The United States is arguably both the safest nation in the world and among the most fearful. An unremitting hysteria permeates the news media, public opinion, and especially, the policymaking process. National security discourse generally depicts trivial threats as existential ones and, through overapplication, has so neutered the meaning of “threat” that almost any phenomenon, foreign or domestic, can qualify. The resources Washington devotes to mitigate these “threats” are correspondingly disproportionate, and the policies enacted to combat them are often counterproductive. The result is an overly aggressive, militarized foreign policy that wastes taxpayer money, provokes international hostility, instigates unnecessary wars, and erodes constitutional checks on the exercise of arbitrary power here at home.
In February 2012, General Martin Dempsey, the chairman of the Joint Chiefs of Staff, explained, “I can’t impress upon you that in my personal military judgment, formed over 38 years, we are living in the most dangerous time in my lifetime, right now.” He was born in 1952. In 2013, he upped the ante: “I will personally attest to the fact that [the world is] more dangerous than it has ever been.”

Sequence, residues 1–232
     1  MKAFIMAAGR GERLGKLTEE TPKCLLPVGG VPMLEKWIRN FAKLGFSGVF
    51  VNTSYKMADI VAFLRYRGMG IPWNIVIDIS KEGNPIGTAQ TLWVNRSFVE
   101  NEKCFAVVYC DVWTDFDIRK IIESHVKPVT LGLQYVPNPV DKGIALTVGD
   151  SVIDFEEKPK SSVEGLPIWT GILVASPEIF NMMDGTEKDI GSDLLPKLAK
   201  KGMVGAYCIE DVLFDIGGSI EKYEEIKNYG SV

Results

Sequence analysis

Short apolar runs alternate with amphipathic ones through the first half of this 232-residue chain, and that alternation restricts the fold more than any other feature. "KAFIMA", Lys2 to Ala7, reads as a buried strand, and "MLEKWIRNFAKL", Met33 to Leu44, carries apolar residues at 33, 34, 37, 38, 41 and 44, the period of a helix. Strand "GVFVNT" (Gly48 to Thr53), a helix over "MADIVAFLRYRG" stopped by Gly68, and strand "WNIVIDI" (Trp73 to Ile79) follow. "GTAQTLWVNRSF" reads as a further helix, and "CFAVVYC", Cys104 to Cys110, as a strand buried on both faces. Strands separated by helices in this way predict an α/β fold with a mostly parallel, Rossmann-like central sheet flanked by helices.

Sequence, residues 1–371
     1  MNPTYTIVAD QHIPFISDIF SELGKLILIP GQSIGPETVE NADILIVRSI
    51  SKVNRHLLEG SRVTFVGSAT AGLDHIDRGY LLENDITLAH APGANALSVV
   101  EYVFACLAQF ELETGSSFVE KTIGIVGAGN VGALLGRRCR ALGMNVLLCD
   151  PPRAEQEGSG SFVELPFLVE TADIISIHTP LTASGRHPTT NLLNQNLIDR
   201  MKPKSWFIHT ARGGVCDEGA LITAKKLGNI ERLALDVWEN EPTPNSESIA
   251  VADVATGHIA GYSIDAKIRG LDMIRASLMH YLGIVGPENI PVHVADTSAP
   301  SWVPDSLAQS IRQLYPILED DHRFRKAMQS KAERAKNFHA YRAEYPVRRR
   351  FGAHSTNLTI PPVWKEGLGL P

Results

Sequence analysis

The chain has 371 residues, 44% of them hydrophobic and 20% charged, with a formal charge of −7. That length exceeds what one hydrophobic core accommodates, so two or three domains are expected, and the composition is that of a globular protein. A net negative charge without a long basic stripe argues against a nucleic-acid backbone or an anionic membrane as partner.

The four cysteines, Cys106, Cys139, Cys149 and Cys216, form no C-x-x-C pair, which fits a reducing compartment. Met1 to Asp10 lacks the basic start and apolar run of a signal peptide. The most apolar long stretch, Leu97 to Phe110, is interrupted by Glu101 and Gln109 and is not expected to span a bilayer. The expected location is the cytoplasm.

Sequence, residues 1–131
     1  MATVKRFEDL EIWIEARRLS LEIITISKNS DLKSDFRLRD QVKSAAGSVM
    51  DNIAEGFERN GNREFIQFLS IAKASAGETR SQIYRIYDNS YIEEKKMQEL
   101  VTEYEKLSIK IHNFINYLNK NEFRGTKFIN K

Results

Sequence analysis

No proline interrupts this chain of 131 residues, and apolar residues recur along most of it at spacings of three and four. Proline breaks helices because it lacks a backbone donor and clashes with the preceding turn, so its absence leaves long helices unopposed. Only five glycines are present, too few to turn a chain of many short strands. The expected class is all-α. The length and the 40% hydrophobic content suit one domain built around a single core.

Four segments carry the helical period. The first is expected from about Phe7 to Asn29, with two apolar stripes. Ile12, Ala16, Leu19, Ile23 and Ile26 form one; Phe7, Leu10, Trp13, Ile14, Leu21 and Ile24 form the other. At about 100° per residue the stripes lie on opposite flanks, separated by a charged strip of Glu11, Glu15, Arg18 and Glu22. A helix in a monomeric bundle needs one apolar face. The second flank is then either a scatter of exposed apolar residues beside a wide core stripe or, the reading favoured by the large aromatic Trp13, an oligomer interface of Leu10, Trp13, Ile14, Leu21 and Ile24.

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Transcript of Farewell Address to the Nation
By Dwight D. Eisenhower (1961)
Wherever the standard of freedom and independence has been or shall be unfurled, there will her heart, her benedictions and her prayers be. But she goes not abroad in search of monsters to destroy. She is the well‐wisher to the freedom and independence of all. She is the champion and vindicator only of her own.
The Boy Who Cried Wolf
By Aesop (~600 BC)
But this time the villagers, who had been fooled twice before, thought the boy was again deceiving them, and nobody stirred to come to his help. So the Wolf made a good meal off the boy’s flock, and when the boy complained, the wise man of the village said: “A liar will not be believed, even when he speaks the truth.